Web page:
That positive experience made it easier to decide to hold our second bootcamp online as well, though now with additional programming.  The successful morning format will remain the same, with new speakers but again two talks per day under a theme.  In the afternoons, however, in addition to informal discussion, we will be offering three more structured programs, meeting at different times so that people can sign up for all three if they wish.  Here is what we have planned:

 

User-Friendly Mathematical Tutorial for QSS

This year we will offer a four-day tutorial introducing the mathematics of quantum theory to a non-technical audience. We will try our best to cover various key features of quantum mechanics, such as superposition, entanglement, eigenvalues and eigenvectors, collapse of the wavefunction, while relying on the least amount of math as possible. Technical ingredients, such as complex numbers and vector spaces will be introduced and explained as necessary, and the informal nature of the event will encourage participants to ask their questions as they arise. No previous knowledge of quantum theory or higher algebra is necessary to join the tutorial.

The tutorial will take place on four afternoons (Mon, Tue, Thu and Fri) and we aim to also cover more special topics in the second half of the week, such as quantum games and quantum cognition. Whenever possible, we will try to have explain the concepts interactively by engaging in online exercises. Participation at the tutorial is free but participants will be asked to fill out an online “test” before and after the tutorial to assess their progress.

 

Transforming inter-personal conflict: What can quantum theory teach us?Ran Kuttner (University of Haifa)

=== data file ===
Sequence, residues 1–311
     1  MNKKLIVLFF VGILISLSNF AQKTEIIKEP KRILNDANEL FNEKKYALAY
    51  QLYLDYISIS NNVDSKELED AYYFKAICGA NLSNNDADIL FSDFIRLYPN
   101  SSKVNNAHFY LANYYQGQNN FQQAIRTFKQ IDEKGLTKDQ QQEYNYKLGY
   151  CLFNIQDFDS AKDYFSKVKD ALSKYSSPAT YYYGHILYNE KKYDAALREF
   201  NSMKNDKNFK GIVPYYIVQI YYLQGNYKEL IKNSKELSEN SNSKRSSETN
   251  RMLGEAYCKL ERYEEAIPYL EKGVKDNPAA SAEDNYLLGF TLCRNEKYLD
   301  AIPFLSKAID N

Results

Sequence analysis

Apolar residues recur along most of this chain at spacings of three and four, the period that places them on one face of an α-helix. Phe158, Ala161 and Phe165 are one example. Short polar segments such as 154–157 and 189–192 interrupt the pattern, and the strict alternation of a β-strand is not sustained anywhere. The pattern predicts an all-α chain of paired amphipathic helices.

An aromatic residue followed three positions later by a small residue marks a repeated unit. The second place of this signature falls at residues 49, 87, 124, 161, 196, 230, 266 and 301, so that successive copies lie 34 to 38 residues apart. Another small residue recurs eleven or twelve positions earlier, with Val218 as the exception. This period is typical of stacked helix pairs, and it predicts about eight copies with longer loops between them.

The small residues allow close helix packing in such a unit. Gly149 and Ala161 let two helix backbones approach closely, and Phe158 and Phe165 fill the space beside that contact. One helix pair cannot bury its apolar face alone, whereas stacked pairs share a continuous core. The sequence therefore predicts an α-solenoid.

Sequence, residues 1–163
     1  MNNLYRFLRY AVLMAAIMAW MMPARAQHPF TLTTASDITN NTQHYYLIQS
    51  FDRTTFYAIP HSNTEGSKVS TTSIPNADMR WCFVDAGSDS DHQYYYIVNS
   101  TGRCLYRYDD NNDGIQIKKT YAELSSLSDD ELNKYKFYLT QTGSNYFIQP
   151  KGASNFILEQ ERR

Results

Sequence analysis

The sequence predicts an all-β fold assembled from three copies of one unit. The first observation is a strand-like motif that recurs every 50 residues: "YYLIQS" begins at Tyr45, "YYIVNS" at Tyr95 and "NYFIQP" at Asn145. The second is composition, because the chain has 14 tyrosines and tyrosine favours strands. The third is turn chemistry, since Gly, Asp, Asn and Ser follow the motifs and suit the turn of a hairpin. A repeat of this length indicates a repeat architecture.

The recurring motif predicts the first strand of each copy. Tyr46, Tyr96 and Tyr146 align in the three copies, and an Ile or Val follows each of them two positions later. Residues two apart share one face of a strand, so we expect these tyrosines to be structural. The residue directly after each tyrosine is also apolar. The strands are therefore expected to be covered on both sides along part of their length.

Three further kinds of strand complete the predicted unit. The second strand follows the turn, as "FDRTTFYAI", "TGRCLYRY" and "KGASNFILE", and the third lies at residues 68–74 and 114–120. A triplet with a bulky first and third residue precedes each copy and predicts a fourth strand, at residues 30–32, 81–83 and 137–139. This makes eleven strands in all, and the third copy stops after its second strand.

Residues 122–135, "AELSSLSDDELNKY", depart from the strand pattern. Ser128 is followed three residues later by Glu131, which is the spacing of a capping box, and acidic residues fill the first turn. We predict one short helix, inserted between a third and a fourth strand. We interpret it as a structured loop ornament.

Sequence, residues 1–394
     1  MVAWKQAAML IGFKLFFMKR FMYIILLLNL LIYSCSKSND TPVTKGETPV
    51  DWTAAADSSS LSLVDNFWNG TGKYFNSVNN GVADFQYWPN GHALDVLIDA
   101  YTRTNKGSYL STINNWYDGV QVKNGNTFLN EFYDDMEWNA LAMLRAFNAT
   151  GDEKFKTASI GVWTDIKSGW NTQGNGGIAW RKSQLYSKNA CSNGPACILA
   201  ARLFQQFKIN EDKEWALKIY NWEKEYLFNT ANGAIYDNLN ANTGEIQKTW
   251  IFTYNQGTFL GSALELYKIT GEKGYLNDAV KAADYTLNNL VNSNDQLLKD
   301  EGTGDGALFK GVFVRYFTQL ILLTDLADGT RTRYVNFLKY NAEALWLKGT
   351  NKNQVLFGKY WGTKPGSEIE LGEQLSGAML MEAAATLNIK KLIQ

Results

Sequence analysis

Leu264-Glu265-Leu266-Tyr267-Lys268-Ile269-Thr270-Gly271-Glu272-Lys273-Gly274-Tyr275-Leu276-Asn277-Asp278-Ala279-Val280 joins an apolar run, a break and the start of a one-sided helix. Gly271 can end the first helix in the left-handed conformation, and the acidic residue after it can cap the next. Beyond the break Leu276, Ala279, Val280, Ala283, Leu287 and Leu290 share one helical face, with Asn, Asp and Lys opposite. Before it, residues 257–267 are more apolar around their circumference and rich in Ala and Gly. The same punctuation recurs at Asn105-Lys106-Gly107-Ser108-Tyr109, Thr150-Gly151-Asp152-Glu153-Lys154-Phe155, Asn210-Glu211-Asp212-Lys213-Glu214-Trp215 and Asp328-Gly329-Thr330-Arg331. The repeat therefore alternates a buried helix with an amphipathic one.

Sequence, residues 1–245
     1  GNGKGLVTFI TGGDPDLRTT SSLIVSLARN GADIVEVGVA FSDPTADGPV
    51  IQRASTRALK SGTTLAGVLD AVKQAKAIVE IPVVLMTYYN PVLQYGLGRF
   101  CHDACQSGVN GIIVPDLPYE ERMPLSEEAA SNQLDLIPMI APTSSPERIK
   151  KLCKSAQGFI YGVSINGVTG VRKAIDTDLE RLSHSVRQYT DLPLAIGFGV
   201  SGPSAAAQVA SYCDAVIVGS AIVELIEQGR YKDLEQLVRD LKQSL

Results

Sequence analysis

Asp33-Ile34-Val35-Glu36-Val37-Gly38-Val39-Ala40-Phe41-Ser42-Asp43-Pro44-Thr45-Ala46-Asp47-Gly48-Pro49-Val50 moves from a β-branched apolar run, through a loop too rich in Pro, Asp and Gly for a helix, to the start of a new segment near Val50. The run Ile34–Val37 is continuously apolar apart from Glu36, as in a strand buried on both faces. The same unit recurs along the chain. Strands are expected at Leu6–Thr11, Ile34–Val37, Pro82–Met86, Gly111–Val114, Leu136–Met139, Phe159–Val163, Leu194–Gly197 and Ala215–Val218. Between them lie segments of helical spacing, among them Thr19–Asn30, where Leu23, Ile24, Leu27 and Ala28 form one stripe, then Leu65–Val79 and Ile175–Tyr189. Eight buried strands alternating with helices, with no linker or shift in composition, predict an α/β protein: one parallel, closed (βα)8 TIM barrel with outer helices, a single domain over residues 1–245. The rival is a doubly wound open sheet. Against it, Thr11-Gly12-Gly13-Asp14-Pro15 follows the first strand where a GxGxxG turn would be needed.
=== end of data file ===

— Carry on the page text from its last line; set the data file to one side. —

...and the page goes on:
In recent decades, within the emerging discipline of negotiation and conflict management, attempts have been made to develop models that will improve interpersonal engagement.  A central debate stems from different prisms on human interaction that serve as a starting point: an individualistic orientation and a relational orientation. These foundationally different mindsets produce seemingly irreconcilable understandings and diverse approaches to conflict transformation; yet, both are necessary and have their place. With the help of quantum theory and its ground-breaking approach towards the wave/particle duality, this workshop invites an integrative approach that transforms the either/or debate between the individualistic and relational approaches to human interaction into one of both/and.

Alongside introductions to current negotiation and mediation literatures, the workshop will introduce quantum physicist David Bohm’s work on “dialogue” alongside that of Martin Buber, Charles Taylor and others. It will also elicit insights from Buddhist philosophy and psychology and from scholarship developed in recent years on building partnerships among diverse groups (written in the context of efforts made among Jews & Arabs in Israel).

 

Manuscript Workshop for QSS

In addition to providing a unique and generative intellectual experience for our participants, through the quantum bootcamp we also hope to have two more lasting effects:  contributing to a trans-disciplinary network of quantum social scientists; and nurturing the development of ideas and papers into published articles.

To both ends, we are considering holding an intensive, one day-long workshop for at most 15-20 people on July 18, the Monday after the bootcamp, where participants can share works-in-progress with each other and team leaders for constructive feedback. Everyone in the manuscript workshop would be expected to bring at least a five-page memo to the discussion, but full drafts of papers would also be welcome. Given the variation in technical skills in our community, we would likely divide the workshop into two groups, one more qualitative and one quantitative.

Please register for the afternoon programs when you register for the bootcamp. Click the “register” tab to sign up!